A quarter of [US] college students could develop PTSD because of the 2016 election

So read the headline in the Washington Post. Quote.

[…] With a team of researchers, [Melissa Hagan] surveyed 769 introductory psychology students at Arizona State University in January and February 2017, asking about their satisfaction with the 2016 election, whether they were upset about the outcome and whether the results of the race had affected their close relationships. End of quote.

Well, there’s your problem right there!? How about surveying some students in STEM courses?? I wager the results would be very different. Quote.

The results were published Monday in an article, ?Event-related clinical distress in college students: Responses to the 2016 U.S. Presidential election,? in the Journal of American College Health, a bimonthly, peer-reviewed public health journal. The article finds that 25 percent of students had ?clinically significant event-related distress,? which it argues can predict future distress as well as diagnoses of PTSD, commonly associated with veterans and defined by the Mayo Clinic as ?a mental health condition that?s triggered by a terrifying event ? either experiencing it or witnessing it.? End of quote.

What? Some snowflake students who were upset that they did not get their way in an election are suffering the same as veterans from war zones?? Gimme strength! Quote.

The research speaks to the personal toll of partisan battles, and it offers insight into the perspective of young Americans coming to political consciousness in the era of President Trump.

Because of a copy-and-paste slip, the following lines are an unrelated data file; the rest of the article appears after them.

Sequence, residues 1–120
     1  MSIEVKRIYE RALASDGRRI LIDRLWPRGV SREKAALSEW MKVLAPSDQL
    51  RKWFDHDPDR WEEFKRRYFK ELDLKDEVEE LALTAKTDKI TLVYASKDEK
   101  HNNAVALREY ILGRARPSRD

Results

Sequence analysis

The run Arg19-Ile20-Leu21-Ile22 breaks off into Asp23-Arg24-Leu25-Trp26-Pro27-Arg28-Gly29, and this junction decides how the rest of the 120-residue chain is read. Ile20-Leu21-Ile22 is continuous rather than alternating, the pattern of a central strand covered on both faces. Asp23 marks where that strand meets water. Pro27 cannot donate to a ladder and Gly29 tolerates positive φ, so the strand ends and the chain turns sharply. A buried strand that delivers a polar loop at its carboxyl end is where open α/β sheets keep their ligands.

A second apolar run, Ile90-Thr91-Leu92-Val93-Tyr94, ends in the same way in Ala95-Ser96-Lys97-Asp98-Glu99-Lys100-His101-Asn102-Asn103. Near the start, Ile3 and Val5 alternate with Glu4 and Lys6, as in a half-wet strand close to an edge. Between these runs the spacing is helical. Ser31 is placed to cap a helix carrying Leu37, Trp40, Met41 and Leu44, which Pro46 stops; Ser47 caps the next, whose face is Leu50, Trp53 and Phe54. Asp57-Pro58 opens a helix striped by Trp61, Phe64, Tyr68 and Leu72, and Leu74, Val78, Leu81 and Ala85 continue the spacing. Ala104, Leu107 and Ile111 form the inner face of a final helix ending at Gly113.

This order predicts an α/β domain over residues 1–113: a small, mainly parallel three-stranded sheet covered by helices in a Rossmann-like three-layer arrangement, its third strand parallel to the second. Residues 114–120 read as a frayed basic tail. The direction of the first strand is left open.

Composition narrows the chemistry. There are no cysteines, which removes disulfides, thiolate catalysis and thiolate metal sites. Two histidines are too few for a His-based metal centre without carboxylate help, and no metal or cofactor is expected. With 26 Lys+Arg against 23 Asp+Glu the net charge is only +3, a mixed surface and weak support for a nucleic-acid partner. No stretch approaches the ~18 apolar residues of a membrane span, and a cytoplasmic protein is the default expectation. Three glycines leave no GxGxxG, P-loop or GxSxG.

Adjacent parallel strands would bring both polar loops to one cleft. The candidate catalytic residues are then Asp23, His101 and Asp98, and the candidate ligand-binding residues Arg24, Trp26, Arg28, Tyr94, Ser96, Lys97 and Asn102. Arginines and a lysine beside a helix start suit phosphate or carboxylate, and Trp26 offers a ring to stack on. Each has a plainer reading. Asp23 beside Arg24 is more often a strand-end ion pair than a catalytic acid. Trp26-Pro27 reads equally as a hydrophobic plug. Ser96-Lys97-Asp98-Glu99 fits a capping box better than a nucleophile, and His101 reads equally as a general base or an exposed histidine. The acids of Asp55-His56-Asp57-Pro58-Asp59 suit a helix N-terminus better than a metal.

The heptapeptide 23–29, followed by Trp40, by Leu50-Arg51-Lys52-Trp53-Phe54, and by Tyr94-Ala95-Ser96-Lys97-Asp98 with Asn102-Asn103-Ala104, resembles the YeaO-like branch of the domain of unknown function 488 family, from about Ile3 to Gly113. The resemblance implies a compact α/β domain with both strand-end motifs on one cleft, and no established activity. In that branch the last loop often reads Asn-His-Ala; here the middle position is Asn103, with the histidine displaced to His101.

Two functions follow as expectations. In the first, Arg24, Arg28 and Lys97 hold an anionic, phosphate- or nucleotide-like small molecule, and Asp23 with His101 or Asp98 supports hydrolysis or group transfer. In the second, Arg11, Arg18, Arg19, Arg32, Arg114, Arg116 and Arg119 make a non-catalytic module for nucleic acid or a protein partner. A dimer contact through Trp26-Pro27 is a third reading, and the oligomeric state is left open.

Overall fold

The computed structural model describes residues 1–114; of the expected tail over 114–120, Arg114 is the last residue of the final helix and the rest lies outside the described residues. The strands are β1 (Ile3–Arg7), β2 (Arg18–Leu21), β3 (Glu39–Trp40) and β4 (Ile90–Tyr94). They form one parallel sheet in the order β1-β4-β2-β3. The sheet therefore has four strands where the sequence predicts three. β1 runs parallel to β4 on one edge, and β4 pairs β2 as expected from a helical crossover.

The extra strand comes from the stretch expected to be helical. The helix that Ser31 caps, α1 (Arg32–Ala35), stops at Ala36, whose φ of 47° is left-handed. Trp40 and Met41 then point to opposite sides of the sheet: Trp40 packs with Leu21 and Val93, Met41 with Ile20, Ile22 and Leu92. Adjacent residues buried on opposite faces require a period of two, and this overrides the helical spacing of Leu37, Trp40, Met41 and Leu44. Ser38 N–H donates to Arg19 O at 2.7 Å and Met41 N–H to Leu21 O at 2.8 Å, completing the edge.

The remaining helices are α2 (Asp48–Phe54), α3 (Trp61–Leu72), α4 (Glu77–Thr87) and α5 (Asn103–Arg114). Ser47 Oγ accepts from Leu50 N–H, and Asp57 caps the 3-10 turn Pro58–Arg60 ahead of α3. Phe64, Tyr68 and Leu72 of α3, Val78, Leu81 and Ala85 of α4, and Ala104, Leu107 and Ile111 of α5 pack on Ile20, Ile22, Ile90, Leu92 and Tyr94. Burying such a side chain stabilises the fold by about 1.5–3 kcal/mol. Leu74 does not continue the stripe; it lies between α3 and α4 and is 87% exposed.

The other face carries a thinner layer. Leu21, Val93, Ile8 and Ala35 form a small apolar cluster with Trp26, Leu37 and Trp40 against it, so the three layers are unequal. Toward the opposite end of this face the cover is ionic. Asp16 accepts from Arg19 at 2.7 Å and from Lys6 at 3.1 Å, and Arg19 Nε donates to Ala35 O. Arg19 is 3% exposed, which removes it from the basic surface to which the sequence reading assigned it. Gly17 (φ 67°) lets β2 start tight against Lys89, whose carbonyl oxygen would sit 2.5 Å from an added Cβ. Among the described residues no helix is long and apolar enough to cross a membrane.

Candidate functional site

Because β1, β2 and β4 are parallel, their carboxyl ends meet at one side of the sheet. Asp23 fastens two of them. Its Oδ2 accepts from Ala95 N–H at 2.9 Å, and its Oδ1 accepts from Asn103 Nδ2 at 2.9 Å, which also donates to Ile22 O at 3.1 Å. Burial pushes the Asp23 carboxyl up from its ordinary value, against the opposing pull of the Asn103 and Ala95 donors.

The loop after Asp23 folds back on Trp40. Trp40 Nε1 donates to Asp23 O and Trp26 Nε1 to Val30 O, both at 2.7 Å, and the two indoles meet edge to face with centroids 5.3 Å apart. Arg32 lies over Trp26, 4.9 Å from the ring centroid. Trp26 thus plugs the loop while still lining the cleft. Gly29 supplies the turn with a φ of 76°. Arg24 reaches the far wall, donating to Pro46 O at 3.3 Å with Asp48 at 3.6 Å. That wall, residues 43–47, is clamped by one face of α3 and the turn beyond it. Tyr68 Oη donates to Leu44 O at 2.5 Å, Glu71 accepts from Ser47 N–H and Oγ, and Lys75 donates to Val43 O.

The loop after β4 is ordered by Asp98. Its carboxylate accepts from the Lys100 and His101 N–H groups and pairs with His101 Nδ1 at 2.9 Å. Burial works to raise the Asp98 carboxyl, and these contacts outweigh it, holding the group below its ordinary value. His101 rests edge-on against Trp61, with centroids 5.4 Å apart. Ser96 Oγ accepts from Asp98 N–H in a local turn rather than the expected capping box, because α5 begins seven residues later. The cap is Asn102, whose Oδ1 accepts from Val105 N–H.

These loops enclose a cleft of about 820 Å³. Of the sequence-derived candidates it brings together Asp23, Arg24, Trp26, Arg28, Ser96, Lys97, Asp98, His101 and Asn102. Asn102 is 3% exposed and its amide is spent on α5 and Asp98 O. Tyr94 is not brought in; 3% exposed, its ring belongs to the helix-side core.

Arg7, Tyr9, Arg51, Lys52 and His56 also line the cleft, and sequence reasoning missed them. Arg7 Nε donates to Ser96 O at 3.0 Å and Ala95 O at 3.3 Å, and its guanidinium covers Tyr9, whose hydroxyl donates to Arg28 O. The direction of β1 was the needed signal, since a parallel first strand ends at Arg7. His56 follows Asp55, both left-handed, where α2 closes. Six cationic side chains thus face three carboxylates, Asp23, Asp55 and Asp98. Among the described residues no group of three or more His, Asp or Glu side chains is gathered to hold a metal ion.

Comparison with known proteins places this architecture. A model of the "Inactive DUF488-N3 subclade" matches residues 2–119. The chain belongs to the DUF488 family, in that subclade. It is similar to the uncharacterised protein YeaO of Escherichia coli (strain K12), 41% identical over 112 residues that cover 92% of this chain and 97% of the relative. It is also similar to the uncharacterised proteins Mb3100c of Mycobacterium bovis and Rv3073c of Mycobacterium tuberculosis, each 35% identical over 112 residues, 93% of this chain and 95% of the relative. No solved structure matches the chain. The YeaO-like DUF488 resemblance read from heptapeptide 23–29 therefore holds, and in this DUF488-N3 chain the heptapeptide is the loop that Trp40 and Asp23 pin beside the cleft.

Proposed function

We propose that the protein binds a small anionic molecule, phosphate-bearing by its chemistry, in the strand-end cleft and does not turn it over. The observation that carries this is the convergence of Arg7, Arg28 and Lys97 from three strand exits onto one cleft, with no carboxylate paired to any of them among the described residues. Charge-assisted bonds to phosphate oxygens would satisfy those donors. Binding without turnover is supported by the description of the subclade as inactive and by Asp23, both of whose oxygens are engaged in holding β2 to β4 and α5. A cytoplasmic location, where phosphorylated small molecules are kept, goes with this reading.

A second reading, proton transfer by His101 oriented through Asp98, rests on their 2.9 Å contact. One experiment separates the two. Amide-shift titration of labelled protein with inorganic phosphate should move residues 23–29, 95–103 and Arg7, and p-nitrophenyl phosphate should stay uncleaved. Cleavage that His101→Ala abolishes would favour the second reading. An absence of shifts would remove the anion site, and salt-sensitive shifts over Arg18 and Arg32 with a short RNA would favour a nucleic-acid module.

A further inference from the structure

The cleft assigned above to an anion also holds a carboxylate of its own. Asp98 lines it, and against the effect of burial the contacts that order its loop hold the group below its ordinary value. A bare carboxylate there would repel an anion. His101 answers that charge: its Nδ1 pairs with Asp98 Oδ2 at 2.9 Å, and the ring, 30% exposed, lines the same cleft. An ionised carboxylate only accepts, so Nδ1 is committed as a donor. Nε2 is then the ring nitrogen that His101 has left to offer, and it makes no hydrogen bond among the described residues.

Hagan, the article?s lead author, said she believed it was the first of its kind examining an election?s psychological impact on college students. She was motivated to conduct the study by what she saw in her classes the day after Trump clinched the presidency.

Her students were ?visibly upset,? she recalled in an interview. ?Some were even crying.? They told her that they were scared and anxious about policies that had been discussed on the campaign trail, she said, as well as about the elevation of ?a candidate who had an audio recording of him describing sexual assault.?

The analysis reveals that women, racial minorities, people from working and lower-middle social classes, Democrats, non-Christians and sexual minorities reported significantly more election-related distress. Accounting for connections among various factors, the most useful predictors of stress were sex, political party, religion and perceived impact of the election on close relationships ? more so than race and social class. Controlling for party affiliation, other demographic factors still influenced stress symptoms. In other words, Hagan said, it wasn?t just a case of sore losers. End of quote.

Stop watching CNN and reading the Washington Post etc. Have a look at what is positive about life and stop focusing on the negatives. Quote.

The findings are in line with those of related surveys, such as a poll conducted in January 2017 by the American Psychological Association indicating that two-thirds of Americans were stressed about the future of the country. Seventy-six percent of Democrats said they were stressed, compared with 59 percent of Republicans ? still a majority. The previous August, the APA added a question about the outcome of the election to its annual survey on stress to reflect what was on the minds of clients seeking counselling.

The 2016 election itself was not a trauma, Hagan said. The term implies the threat or actual experience of personal injury, and usually applies to events such as mass shootings or armed conflict. […] End of quote.

Well, that is comforting to know.

The article goes on, but you get the drift.

Harden up cupcakes, take a concrete pill, get a grip and move on.

For context: There are approx 20 million college students in the USA.? Based on this sample of 769 psychology students some academic decides 5 million are likely to suffer PTSD.? Yeah/Nah.

And a “peer-reviewed” journal printed it!